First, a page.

Do PICUs hire nurses who've been "out" for a while?

  1. My husband and I are just considering planning for the "what ifs" in life, having plan for me going back to work if we should need me to. I graduated from nursing school, worked in a Surgery-Trauma ICU for a year, then left nursing to be a paramedic in a major city EMS system. I quite that after 4 years to be a SAHM. We now have (almost) 4 kids: 4 yo, 2.5 yo, 11 mo, and a new one due in May. I've maintained all my certifications: ACLS, PALS, BTLS, etc, and before I stopped working was an ACLS and PALS instructor. I can handle facts, they've just mostly escaped my brain after all this time.

    I love intense, difficult situations, I really thrive on managing the unexpected stuff, and since having kids I've found that I just love love love taking care of sick kids.

    Would it be a bad plan for me to intend to go to work in a PICU if I should need to go back to work? Do hospitals offer "refresher" programs if you have some critical care knowledge, but it's old or not applicable to your practice area?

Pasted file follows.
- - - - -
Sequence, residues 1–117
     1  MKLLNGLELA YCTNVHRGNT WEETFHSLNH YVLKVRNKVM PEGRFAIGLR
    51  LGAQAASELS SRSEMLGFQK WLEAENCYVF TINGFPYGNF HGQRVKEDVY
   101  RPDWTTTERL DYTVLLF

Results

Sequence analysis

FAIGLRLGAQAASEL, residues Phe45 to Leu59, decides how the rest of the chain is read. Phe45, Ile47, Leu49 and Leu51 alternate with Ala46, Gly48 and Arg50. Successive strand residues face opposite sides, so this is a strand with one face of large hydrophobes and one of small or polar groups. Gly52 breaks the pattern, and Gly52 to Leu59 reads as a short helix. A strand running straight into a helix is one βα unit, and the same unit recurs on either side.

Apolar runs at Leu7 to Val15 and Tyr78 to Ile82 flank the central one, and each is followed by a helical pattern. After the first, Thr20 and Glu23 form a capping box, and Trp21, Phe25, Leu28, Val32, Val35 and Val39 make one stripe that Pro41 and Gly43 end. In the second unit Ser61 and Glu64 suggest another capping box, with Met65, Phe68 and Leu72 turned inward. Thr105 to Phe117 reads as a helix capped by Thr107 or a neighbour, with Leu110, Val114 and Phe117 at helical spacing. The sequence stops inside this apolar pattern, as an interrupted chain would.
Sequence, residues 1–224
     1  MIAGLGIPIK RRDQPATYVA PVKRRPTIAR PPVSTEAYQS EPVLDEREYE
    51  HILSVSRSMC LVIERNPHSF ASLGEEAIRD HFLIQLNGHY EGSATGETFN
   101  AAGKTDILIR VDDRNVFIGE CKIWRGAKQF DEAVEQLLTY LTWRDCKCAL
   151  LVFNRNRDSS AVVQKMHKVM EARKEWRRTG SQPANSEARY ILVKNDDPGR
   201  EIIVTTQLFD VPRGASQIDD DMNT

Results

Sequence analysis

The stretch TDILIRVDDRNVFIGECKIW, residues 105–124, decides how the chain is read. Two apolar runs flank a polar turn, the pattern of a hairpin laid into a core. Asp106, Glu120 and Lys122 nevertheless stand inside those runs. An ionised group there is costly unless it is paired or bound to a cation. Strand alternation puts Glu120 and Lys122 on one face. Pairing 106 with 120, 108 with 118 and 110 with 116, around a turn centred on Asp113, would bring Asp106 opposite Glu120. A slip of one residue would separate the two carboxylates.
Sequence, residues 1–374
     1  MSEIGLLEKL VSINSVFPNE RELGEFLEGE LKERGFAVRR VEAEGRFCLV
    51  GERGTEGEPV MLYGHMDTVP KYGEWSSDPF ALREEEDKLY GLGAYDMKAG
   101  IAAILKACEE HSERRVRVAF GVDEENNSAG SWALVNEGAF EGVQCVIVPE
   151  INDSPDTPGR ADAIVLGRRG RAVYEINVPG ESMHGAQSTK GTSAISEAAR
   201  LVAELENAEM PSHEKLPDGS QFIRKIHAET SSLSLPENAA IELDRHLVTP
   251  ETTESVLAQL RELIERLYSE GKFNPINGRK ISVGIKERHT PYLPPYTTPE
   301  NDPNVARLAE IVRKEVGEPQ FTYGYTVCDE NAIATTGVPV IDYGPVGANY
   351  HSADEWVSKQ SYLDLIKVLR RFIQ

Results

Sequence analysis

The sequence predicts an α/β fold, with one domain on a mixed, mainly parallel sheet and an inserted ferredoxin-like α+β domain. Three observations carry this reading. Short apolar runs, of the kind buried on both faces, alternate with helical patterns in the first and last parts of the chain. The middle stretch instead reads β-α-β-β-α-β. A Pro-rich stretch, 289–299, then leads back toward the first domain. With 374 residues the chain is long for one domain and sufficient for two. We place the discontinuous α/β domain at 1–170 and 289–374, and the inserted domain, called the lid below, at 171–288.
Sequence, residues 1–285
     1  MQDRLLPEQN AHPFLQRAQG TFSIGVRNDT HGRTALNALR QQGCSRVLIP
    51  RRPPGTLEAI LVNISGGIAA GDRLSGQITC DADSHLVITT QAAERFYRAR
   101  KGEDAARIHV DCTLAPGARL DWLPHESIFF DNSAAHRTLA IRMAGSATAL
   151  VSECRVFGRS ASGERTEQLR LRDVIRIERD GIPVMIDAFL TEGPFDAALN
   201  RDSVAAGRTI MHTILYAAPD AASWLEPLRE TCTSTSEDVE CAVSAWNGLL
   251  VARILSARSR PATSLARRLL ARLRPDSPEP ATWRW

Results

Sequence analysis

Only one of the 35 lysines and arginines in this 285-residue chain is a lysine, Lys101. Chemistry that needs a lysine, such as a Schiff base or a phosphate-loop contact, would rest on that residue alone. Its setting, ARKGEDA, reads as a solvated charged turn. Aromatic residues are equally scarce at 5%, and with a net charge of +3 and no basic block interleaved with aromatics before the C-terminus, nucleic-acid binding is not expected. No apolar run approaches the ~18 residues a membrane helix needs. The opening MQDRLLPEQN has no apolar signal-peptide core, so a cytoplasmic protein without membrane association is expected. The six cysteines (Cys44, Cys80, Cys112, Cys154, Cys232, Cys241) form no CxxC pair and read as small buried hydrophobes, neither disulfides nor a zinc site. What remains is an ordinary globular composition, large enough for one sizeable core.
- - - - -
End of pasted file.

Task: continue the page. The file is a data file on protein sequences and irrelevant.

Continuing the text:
Any advice?
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    About abckidsmom

    Joined: Mar '06; Posts: 7


  3. by   NotReady4PrimeTime
    I'd say go for it. They may suggest placing you on a general peds floor for a few weeks so you can get your groove back, but that wouldn't be so bad. You've kept up your certifications, and that's plus... especially with all the new algorithm changes. Depending on where you are, they may have a critical care course aimed at new grads that you might be able to sit in on. At the very least you'd get an orientation.
  4. by   randybayrn
    Some hospitals have a fellowship for RNs with experience in different areas tailored to your specific and special needs.
    Last edit by randybayrn on Feb 16, '07